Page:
Good news, bad news

Pamela Wallin does the right thing, while the NHL enforces rules on shirttails

This year’s International Fireworks Competition showers Kuala Lumpur (Bazuki Muhammad / Reuters)

Good News

Payback time

Embattled Sen. Pamela Wallin reimbursed the government $100,600.98, plus $13,938.19 in interest, last week for improperly claimed travel expenses. That’s in addition to the $38,369 she has already repaid. Wallin lashed out at the auditors who examined her expenses and accused the Senate committee overseeing the review of having a “lynch-mob mentality.” But she did the right thing in the end. And her experience will no doubt prompt all senators to have a sober second thought when claiming hotel and flight expenses: Am I really on Senate business, or am I asking taxpayers to fund my lifestyle?

Up, up and away

Bombardier’s new C-series jet completed its first test flight this week. The fuel-efficient plane puts Bombardier in direct competition with Boeing and Airbus for the first time. It’s a huge, $3.4-billion gamble, but also a promising development for the company, and for taxpayers who have supported it. And it’s welcome news for Toronto’s Porter Airlines, which wants to fly at least 12 of the jets to destinations as far away as Vancouver—providing it gets permission to lengthen the runways at the city’s island airport.

Friendly neighbours

North Korea broadcast the raising of the South Korean flag and the playing of its national anthem for the first time at an awards ceremony for a weightlifting competition it hosted last weekend. It wasn’t the only recent sign of warming relations on the Korean peninsula. A jointly operated industrial park in North Korea reopened, allowing South Korean managers and materials to cross the border. The park was closed in April amid rising tensions over Pyongyang’s nuclear testing and joint U.S.-South Korean military exercises.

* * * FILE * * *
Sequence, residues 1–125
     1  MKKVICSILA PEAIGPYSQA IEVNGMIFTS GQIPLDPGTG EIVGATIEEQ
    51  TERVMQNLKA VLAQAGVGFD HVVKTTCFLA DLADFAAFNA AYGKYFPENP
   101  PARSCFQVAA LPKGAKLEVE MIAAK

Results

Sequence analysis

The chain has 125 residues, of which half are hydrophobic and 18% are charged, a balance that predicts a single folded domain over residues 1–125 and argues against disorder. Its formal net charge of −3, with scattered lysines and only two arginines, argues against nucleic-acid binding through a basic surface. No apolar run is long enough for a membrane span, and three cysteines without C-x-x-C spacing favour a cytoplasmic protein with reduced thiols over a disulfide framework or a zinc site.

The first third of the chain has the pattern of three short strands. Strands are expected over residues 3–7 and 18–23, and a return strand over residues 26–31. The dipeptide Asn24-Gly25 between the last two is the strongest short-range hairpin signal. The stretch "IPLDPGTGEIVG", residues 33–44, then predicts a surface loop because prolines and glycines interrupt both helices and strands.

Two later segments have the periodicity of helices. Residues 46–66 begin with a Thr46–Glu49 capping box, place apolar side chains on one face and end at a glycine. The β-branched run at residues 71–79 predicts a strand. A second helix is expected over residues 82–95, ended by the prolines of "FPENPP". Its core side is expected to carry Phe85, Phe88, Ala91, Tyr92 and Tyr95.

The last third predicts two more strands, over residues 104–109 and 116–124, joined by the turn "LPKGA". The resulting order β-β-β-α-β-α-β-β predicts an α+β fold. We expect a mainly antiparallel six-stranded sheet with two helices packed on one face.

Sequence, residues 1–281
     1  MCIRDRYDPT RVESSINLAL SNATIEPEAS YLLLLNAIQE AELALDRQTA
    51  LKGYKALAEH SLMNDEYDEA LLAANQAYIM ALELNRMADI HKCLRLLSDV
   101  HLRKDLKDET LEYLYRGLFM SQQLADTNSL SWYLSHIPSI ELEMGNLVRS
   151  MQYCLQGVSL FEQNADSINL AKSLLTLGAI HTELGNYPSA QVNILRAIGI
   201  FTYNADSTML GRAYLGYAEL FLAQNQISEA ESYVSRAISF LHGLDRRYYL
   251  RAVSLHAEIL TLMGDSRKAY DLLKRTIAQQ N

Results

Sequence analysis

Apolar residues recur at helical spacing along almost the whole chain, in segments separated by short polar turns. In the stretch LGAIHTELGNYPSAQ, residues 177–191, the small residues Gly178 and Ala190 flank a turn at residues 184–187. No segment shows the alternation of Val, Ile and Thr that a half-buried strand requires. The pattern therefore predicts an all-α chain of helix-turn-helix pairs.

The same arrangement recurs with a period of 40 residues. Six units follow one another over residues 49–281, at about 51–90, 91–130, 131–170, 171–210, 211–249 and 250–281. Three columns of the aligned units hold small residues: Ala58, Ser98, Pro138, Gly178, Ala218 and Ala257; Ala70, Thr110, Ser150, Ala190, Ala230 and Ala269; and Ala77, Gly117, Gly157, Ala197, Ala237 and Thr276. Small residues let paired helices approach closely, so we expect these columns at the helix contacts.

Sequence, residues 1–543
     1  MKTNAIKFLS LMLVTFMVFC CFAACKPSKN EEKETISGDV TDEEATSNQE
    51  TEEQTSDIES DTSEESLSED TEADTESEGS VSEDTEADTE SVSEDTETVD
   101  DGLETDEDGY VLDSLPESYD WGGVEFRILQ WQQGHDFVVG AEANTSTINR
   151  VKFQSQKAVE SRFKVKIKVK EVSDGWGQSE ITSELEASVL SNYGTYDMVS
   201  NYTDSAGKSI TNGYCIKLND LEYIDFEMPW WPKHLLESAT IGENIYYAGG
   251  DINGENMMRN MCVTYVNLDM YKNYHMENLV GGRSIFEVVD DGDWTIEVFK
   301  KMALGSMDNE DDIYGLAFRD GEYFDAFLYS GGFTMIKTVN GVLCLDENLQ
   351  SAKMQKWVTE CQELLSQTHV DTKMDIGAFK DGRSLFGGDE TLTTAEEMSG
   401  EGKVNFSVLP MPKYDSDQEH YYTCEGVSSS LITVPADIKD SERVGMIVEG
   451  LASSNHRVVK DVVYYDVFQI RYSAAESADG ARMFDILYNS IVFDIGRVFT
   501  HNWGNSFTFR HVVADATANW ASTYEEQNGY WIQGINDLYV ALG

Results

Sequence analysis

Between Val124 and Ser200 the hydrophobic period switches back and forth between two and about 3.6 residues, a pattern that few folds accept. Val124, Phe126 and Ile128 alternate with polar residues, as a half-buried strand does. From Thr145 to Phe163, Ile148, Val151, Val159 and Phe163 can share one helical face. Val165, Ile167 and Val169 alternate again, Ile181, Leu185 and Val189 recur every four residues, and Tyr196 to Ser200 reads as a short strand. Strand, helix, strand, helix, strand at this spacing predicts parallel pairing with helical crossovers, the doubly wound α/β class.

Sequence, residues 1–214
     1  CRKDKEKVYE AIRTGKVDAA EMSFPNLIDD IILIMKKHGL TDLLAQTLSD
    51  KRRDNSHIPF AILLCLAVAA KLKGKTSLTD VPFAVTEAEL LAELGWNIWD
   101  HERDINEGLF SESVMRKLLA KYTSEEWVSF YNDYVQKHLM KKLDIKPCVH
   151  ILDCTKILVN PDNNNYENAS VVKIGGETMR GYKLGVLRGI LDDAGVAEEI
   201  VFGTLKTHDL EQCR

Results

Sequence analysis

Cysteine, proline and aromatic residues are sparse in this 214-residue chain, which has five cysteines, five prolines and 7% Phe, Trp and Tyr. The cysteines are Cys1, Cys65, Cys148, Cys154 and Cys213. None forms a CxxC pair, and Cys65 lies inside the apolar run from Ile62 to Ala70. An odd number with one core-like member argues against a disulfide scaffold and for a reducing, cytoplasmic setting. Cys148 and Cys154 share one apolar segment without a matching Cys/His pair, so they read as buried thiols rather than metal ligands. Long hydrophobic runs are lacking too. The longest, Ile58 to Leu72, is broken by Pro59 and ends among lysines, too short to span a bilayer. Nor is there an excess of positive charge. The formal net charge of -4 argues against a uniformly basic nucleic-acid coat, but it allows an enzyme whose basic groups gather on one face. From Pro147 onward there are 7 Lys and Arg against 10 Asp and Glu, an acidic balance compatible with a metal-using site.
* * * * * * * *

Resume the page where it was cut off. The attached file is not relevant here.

To infinity and beyond

The Voyager 1 probe has left the solar system and ventured into interstellar space, NASA reported last week. It is currently an incomprehensible 18.8 billion km from Earth, which it left behind in 1977 on what was to be a four-year trip to Saturn. Scientists can now get a glimpse of what they could once only imagine: what the universe is really like in the cold, black expanse beyond the influence of the sun.

Bad News

Tragedy strikes again

America witnessed yet another shocking case of gun violence this week. Aaron Alexis, a former navy reservist and defence contract employee being treated for mental health problems (and who had a record of weapons violations), went on a shooting rampage and killed 12 people at the Washington Navy Yard before being gunned down by police. That the incident occurred in the heart of the nation’s capital, not far from the White House, serves as a particularly vivid reminder to the U.S. President and lawmakers of their failure to enact any meaningful gun control legislation.

Know your enemy

The United Nations last week called the deadly gas attacks in Syria a war crime. But while Russia and the United States negotiated the destruction of chemical weapons in Syria, avoiding a wider conflict, the troubles are anything but over. Bashar al-Assad remains in power and the civil war continues. Meanwhile, it’s getting harder and harder to identify the good guys. According to one recent report, almost half the 100,000 rebel fighters in Syria are now hardline Islamists or jihadists with ties to al-Qaeda.

Taking the easy way out

Hells Angel member René Charlebois escaped from a minimum-security prison in Laval, Que., where he was serving a sentence for second-degree murder, drug trafficking and participation in a criminal organization. Charlebois, who had been behind bars for 13 years, was the third inmate to escape from the Montée Saint-François prison in recent months. It raises serious concerns about security at the prison, and also about the wisdom of keeping murderers there in the first place.

Dressing down

The NHL’s apparent war against individuality reached new depths this week when it decreed that players must stop tucking their jerseys into their pants. Gone, then, is the trademark look of one the game’s biggest stars, Alex Ovechkin—not to mention Wayne Gretzky, whose tuck made it possible to pick out the Great One while watching a tube-TV with no rabbit ears during a snowstorm. The league cites safety reasons, but it looks more like a control thing. What’s next? No playoff beards?

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